Manchester United vs. Otelul Galati: 5 Things You Didn't Know About the Otelarii

Yoosof Farah@@YoosofFarahSenior Writer IIIOctober 18, 2011

Manchester United vs. Otelul Galati: 5 Things You Didn't Know About the Otelarii

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    When Manchester United take on the little-known Otelul Galati in the UEFA Champions League on Tuesday, not only will it be the biggest match in the Otelarii's history, but it will also be the chance to finally find out who the heck they actually are.

    After all, the average football fan doesn't tend to closely follow the Romania's top-flight, Liga I. Unless they are Romanian, of course.

    So ahead of the Group C Champions League clash, here are five things you probably didn't know about Otelul Galati.

1. They Won't Play Their Champions League Matches at Home

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    When they take on Manchester United in the UEFA Champions League, Otelul Galati will play their matches at the 55,000 all-seater capacity Stadionul National in Bucharest.

    That's instead of their home ground (pictured), the Stadionul Otelul, which doesn't meet UEFA requirements for the Champions League, as it only holds 13,500 and doesn't have floodlights.

    It means their fans have to travel 118 miles from the port city of Galati in the Moldovia region of Romania to the capital city of Bucharest just to watch their team play.

2. Otelul Galati Players Earn £44,000... a Year

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    The Manchester United players, on average, earn £83,000 per week.

    The average wage of their opponents is £44,000—a year.

    A complete contrast in financial resources between the clubs, Otelul Galati's players earn on average £846 per week, which means the United players earn a staggering 9606 percent more than that of their opponents on Tuesday.

    To put it in perspective, the vast majority of players in League Two, the fourth tier of English football, earn more than the players of Otelul Galati, who are the champions of Romania and are currently playing in the group stages of the UEFA Champions League.

3. The Otelul Galati Players Asked for a Pay Cut This Season

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    Otelul Galati's 30-year-old playmaker and captain Gabriel Paraschiv led the team in asking chairman Marius Stan for a 30 percent pay cut this season.

    According to Paraschiv, his performances after returning from what was meant to be a season-ending injury (he was out for a month) were not up to scratch, so he offered to take a pay cut to ease the burden on the club's debilitating debt.

    He told the chairman: "I am not pleased with my recent form and the way I'm playing, so I would like to ask you to reduce my wage by 30 percent, starting this year."

    "I'm grateful for the raise you have given me when I was on top of my game, so this is the right thing to do, especially considering the current financial struggle," said Paraschiv.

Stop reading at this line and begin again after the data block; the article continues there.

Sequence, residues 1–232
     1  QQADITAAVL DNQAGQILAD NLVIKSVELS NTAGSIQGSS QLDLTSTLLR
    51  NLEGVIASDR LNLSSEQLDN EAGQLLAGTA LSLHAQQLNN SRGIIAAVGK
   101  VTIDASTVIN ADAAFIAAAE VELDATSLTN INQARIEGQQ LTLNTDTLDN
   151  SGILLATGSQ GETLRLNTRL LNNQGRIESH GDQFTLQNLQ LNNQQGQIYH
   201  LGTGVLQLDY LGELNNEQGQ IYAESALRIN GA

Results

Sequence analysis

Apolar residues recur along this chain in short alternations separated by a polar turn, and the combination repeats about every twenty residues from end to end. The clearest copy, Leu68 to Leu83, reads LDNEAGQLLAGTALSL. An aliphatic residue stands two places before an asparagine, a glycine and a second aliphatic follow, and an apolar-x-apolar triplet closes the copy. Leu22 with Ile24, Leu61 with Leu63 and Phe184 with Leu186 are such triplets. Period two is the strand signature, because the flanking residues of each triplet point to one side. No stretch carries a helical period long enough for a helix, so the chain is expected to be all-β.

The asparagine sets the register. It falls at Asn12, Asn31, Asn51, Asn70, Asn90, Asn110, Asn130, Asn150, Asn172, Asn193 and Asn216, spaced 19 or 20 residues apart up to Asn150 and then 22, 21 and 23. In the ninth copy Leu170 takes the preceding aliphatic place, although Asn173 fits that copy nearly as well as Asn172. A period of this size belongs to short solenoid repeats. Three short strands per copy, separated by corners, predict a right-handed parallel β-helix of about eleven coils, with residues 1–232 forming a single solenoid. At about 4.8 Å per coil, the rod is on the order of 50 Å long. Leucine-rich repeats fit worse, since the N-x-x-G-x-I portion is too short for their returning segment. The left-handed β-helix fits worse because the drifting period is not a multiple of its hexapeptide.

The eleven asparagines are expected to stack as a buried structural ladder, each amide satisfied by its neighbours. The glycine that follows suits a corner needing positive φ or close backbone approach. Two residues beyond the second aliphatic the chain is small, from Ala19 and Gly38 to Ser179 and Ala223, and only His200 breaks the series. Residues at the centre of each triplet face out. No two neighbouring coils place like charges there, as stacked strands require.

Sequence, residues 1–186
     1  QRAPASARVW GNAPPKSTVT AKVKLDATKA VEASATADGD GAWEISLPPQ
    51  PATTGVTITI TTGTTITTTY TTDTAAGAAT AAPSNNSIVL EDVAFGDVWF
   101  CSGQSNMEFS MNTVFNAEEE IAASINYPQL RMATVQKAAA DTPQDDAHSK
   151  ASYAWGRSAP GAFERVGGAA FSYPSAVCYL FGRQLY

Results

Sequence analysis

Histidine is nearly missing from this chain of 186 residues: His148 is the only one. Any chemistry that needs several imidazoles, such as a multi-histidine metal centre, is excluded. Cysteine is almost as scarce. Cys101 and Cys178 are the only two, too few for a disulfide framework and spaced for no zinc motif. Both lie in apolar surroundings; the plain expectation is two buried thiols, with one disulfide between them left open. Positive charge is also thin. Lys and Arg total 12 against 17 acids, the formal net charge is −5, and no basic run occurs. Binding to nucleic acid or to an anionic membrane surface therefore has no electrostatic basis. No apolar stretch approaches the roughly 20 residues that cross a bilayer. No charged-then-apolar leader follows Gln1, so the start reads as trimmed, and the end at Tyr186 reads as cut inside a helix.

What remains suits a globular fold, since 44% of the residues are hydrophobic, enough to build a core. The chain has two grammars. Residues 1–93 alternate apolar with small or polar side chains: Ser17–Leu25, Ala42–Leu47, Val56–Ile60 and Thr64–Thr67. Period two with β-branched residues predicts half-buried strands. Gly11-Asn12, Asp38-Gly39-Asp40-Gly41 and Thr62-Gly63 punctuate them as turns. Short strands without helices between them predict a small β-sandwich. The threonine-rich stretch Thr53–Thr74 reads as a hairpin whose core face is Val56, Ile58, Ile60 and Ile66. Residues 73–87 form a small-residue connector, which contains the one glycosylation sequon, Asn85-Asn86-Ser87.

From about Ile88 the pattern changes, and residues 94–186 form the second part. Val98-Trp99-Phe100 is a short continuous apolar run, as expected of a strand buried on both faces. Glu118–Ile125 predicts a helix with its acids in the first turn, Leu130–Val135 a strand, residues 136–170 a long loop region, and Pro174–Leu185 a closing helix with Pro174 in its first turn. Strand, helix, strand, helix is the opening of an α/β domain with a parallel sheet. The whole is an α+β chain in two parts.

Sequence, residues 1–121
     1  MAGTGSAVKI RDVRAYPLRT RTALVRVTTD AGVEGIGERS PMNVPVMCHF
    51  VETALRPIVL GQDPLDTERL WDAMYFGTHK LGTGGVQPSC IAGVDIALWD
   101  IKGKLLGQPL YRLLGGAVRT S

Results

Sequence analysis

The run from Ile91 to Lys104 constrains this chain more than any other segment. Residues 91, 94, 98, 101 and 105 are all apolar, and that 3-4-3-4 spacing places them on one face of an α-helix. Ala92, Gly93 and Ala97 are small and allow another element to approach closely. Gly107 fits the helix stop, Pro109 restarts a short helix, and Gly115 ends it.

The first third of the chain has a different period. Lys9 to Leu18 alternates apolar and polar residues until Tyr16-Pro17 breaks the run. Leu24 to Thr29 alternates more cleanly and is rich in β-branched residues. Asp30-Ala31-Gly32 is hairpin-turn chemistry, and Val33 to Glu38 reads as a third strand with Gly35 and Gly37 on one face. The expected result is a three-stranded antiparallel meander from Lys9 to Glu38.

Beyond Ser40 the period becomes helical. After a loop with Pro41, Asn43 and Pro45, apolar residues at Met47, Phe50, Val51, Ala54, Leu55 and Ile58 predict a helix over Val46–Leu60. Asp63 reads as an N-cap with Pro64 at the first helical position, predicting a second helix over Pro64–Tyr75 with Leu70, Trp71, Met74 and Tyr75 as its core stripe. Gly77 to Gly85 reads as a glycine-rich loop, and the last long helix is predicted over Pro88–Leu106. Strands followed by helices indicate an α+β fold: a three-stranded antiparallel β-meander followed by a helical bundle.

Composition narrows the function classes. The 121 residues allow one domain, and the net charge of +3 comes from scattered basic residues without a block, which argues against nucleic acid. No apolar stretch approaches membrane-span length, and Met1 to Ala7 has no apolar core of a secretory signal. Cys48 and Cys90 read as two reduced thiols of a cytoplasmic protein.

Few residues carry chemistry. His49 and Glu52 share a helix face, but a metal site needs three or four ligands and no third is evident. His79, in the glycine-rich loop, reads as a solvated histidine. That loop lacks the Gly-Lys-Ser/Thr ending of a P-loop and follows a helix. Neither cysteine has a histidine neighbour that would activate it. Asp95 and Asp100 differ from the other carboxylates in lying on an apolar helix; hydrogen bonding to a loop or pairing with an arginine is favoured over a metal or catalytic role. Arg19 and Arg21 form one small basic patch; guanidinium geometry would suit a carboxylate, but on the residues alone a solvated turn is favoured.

This came despite having just sealed the club's first ever Liga I title and automatic qualification to the highly lucrative UEFA Champions League group stages.

4. They've Started This Season Poorly

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    Current Liga I title holders Otelul Galati have started the new campaign very poorly indeed.

    They sit ninth in the 18-team league table after 10 matches, having won three, drawn three and lost four, having shipped in 11 goals and scored just eight.

    At the moment, they're a better team away from home, winning 33 percent of their matches away compared to just 29 percent at home.

    This doesn't bode well for their match against Manchester United, especially considering they've lost their opening two Champions League group games against FC Basel and SL Benfica.

5. They Play a 4-2-3-1 Formation

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    Otelul Galati manager Dorinel Munteanu has got his side playing a rather attacking 4-2-3-1 formation in a style that is similar to 2010 World Cup winners, Spain.

    Holding midfielders Ioan Filip and Gabriel Giurgiu perform a Xabi Alonso and Sergio Busquets role in the centre, forming a double pivot which allows fullbacks Cornel Rapa and Adrian Salageanu license to get forward.

    The man who plays the Cesc Fabregas role in the middle and pulls the strings is John Ibeh, the Nigerian who has never played for his home country but has been crucial to Otelul for the past two seasons.

    It's usually his role to pick options in the final third and give good service for the front man, Marius Pena, to tuck away the chances, with the striker scoring six goals so far this season.

    It is a rather bold style from Munteanu which saw them fight their way to the title last season, but is just a stretch too far this time, with their approach more careless than anything else.

    If they play the way they have been this season against Manchester United, the chances of them winning would be a long shot indeed.

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